Oh, hello. Didn't see you come in there, have a seat. You know, you're special. Not in the every-snowflake-is-unique sense of the word, but still quite a rare individual, because you've managed to make it all the way to the right of the top navigation bar, and landed here. Congratulations are in order all around.
So this is the blog, where, not unlike a lunatic, I construct sentences and thoughts that are that do not have a high probability of seeing the light of day. I'm not quite sure what my motivation is here, other than the fact that facebook and twitter kind of feel like a farce when we're talking about the kind of audience reach I have. Plus, since the main motivation of the site may or may not be marketing in nature (recommended viewing), it's best to sweep the crazy under the rug a bit.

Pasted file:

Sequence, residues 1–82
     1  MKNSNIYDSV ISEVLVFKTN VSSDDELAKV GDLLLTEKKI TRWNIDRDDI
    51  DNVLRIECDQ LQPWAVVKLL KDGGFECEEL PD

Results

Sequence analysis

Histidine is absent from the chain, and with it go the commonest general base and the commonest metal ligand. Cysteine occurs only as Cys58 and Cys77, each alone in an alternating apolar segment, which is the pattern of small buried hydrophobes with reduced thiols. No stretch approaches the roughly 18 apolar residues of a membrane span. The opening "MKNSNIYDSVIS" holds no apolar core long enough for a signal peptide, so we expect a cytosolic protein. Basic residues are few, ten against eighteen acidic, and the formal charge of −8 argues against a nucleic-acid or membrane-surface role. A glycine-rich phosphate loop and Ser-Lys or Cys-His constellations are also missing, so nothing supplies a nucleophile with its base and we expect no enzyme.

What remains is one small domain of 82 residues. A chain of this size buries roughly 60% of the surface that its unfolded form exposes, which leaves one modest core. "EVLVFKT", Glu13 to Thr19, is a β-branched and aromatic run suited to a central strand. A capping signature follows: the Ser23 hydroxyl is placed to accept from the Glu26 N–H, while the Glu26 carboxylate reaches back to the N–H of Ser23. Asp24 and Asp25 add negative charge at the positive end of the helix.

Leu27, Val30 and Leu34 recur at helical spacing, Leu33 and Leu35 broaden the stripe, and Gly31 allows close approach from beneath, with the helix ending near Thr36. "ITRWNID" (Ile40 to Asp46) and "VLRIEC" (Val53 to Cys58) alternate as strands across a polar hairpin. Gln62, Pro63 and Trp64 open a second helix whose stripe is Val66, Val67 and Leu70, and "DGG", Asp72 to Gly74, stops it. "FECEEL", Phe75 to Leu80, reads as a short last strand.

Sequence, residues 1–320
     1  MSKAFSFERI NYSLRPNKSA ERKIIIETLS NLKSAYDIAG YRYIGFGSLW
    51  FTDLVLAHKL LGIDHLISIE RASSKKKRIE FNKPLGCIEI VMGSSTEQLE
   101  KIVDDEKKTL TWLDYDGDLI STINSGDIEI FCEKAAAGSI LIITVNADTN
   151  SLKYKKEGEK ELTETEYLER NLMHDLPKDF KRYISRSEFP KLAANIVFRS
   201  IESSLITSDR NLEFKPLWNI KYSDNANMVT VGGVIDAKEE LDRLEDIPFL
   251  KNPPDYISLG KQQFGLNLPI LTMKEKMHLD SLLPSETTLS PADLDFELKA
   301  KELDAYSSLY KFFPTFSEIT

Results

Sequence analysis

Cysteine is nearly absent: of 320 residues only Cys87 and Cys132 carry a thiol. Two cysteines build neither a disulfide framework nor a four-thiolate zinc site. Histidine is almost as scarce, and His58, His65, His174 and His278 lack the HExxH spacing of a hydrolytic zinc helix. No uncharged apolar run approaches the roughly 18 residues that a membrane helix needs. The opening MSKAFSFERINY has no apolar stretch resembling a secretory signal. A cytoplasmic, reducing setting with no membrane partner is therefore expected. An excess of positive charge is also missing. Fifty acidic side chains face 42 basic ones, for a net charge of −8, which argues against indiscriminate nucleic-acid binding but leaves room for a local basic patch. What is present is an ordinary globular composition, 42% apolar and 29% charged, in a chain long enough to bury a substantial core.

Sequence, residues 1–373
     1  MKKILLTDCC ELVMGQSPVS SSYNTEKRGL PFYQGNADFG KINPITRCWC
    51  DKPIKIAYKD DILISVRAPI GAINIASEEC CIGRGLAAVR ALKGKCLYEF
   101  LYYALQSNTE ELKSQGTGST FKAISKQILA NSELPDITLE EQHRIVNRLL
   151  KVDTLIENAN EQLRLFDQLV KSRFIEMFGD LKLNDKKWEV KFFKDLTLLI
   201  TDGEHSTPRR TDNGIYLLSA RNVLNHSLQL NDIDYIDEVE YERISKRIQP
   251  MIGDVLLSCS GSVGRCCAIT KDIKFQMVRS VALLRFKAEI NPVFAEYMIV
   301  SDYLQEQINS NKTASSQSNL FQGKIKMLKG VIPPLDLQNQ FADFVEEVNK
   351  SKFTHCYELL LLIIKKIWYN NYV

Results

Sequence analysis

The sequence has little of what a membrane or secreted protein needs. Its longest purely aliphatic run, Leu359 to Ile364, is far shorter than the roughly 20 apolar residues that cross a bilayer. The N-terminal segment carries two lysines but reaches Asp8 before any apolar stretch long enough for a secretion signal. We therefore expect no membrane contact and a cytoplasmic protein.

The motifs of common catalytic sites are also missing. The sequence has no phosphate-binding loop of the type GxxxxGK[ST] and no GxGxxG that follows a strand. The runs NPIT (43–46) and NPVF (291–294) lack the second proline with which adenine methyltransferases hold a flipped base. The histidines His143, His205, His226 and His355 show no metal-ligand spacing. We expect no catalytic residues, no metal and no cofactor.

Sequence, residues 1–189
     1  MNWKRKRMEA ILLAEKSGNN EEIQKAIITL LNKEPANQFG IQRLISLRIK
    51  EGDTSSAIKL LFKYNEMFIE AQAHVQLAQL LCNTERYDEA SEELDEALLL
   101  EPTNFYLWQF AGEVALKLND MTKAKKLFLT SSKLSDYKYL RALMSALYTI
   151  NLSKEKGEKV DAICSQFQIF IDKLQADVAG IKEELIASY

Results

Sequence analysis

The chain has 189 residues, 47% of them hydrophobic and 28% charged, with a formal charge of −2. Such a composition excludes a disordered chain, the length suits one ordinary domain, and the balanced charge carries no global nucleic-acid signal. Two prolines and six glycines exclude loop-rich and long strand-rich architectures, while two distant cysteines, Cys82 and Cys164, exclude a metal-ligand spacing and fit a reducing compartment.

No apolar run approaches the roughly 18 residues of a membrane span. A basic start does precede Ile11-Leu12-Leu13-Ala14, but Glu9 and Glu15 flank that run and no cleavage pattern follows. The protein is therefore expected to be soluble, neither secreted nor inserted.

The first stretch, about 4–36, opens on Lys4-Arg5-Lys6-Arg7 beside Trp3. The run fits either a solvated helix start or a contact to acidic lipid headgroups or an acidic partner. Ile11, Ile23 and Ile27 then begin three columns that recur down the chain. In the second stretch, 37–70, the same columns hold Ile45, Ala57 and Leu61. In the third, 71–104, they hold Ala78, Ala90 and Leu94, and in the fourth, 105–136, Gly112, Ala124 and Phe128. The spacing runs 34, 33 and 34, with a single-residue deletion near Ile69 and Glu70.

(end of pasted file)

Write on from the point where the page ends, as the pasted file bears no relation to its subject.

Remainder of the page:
Here's my electric bass:
It sounds great. It plays great. It looks great. But the best part about it is, I know the guy that made it. Simon Propert works by day doing a helluva job fixing and customizing double basses at David Gage Stringed Instruments, but he also makes electric basses. I played one of his basses at DG a few years ago, and decided instantly that this was the electric bass for me.
There's a mystique that surrounds mass-made instruments in general - as musicians, we don't really know what goes on inside the factory. Sometimes the instruments turn out great, sometimes not so much. Usually the difference is attributed to some change in the industrial process ("ever since CBS bought out Fender and scraped the old machines, they haven't sounded the same", or so the mantra goes). With Simon, there was no mystery, and I mean that in the best possible way - I knew that he was going to build a great bass, and if something in the process wasn't going the way he (or I) wanted it to, it would be fixed until the instrument did exactly what an electric bass is supposed to do.